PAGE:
There are two different types of post-flop hands that have value in poker: made hands and drawing hands. Made hands are more straightforward than draws and typically much easier to play. In fact, learning what a drawing hand is and how to play it is an often misunderstood yet extremely important component of mastering Texas Hold’em or any poker game for that matter.

So what is a draw in poker? In poker, a drawing hand is when a player has an unmade hand that is not likely to be best on the current street but has the potential to “draw” to the best hand by the turn or river if a particular card comes. The most common draws that come to mind for most people is the flush draw or straight draw.

There are varying strengths of drawing hands ranging from a gutshot straight draw (4 potential outs) all the way up to having a powerful combo draw such as a straight draw that includes a flush draw (up to 15 outs).

What Is an Out?

An out is a potential future card that could be dealt on the turn or river that has the potential of improving a poker hand. Usually, outs are associated with cards that would likely improve a player to the winning hand. For example, if you held Ace King and the board was 952, then all Aces and Kings left in the deck would be considered “outs” since either of them would make you top pair.

What Is a Flush Draw?

A flush is when your hole cards and the community cards include 5 of the same suit. Therefore, a flush draw is when one or both of your hole cards have the possibility of making a flush on the next street.

Examples Two Card Flush Draws

Examples Two Card Flush Draws

Not all flush draws are created equally. The strongest flush draws are when you either have two of the same suit in your hand and two on the board, or have the Ace of one suit in your hand and 3 of the same suit on the board. Having a single card flush draw that is not to the nuts (the best hand possible) is often a sucker hand to play due to reverse implied odds.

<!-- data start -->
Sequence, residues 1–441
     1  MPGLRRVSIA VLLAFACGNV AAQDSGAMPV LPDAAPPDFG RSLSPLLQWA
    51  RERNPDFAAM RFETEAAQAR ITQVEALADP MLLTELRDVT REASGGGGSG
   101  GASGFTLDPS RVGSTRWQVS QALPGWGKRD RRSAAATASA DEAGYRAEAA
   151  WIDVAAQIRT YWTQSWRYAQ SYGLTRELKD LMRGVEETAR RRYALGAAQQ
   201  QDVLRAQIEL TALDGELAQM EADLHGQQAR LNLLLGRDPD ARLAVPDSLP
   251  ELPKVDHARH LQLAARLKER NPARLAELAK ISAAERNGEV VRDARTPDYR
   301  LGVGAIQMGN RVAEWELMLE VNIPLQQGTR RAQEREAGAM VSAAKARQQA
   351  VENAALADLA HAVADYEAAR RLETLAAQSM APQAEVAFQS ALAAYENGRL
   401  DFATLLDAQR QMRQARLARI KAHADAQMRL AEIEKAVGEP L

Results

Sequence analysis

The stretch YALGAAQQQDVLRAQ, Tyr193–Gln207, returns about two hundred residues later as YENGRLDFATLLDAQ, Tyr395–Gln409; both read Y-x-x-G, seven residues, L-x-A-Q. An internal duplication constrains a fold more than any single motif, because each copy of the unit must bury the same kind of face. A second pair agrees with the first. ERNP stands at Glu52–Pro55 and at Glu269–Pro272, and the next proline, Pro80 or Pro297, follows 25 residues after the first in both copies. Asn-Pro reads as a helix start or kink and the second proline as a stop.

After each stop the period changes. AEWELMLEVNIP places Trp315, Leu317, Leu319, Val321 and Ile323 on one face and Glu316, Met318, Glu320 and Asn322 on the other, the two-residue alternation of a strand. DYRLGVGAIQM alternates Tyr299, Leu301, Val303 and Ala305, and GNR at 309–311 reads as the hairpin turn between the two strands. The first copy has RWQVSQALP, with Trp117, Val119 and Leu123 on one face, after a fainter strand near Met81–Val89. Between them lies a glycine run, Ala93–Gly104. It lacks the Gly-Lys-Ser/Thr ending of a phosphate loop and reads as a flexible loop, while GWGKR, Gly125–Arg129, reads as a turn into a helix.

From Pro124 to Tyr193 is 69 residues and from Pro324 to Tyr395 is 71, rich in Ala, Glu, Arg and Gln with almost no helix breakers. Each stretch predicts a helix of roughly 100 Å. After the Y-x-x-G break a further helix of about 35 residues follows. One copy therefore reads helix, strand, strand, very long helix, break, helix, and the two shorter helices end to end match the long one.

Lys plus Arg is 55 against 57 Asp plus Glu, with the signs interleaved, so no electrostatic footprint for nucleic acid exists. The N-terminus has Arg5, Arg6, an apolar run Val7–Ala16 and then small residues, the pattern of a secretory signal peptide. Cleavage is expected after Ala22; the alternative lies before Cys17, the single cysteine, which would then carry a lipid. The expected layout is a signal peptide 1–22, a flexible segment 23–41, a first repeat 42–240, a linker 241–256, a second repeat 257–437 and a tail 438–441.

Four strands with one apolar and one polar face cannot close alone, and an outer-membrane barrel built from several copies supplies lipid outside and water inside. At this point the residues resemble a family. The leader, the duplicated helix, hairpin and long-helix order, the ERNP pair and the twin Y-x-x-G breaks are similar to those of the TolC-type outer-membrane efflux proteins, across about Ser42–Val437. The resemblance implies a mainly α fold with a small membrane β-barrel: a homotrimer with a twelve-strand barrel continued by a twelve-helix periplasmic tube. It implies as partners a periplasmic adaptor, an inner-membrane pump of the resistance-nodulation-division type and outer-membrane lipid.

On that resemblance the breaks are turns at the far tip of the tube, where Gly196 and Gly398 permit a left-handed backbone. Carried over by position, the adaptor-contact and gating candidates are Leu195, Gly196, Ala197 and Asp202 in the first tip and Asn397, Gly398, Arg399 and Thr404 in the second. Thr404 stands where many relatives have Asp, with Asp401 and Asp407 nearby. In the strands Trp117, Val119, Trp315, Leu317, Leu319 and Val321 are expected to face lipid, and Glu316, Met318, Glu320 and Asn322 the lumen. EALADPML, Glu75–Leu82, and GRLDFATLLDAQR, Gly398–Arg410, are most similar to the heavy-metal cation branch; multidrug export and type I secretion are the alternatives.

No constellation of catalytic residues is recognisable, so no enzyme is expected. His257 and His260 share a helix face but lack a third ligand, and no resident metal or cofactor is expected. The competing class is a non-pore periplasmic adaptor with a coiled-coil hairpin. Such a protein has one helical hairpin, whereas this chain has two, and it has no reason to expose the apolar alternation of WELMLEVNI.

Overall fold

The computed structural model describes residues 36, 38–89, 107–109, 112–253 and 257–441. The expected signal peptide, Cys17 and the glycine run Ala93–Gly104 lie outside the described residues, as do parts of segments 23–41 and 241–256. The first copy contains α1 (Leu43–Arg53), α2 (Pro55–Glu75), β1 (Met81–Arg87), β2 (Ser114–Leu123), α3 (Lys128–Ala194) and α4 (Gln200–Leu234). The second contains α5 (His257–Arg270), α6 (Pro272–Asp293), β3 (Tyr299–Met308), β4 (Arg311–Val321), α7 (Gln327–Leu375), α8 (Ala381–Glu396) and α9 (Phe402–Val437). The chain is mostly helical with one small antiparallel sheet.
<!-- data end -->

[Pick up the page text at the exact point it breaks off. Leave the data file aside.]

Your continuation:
What is Reverse Implied Odds?

Reverse implied odds means that you might improve your hand and still lose to a better draw. The weaker your flush draw the more likely it is that reverse implied odds is an issue. Therefore, unless both cards in your hand are suited, you generally do not want to invest a lot of chips chasing a flush draw. As a rule, straight draws tend to have fewer issues with reverse implied odds.

What Is a Straight Draw?

A straight draw is when one or both of your hole cards allow your hand to make a 5 card straight on the next street. The most common straight draw that most people are familiar with is the open-ended straight draw. This is where one or both of your cards are in between the community cards in such a way that you have 8 potential outs to make a straight.

Open-Ended Straight Draws

Open-Ended Straight Draws

While reverse implied odds problems are typically not that common with straight draws, it is still possible. If your cards are at the bottom of the potential straight and there are hands that can make a bigger straight, this is known as having the “dummy” end of the straight. The best straight draw to have is when all 8 cards are to the nuts, typically seen as open-ended straight draws.

Are There Any Other Drawing Hands?

Yes. In fact, any time you have a hand that has an obvious route to becoming the best hand on either the Turn or River, it is technically a drawing hand. Examples include:

  • Bottom pair, which has 5 outs to make trips or two pair
  • A gutshot straight draw, which has 4 potential outs to a straight
  • A Backdoor flush draw, which can make a flush if the correct suit comes runner runner on the turn and river
    See the image below for examples of the above hands, respectively shown in the same order as written.
Weak Draws

Weak Draws

The possibilities are endless. What is really important is in determining which draws have enough value to continue with and then choosing the correct lines to maximize the expected value. Mastering tactical play in these spots takes lots of time and effort.

What Are the Odds of Making a Draw by the Turn or River?

Understanding the odds of drawing hands is one of the basic fundamental concepts of texas hold’em. The probability of completing a draw is based on the number of outs you have. Here is a poker outs probability chart showing the odds of making a few of the common draws on the turn or river, based on the number of outs.

Poker outs chart. Chance of Improving on Turn or River.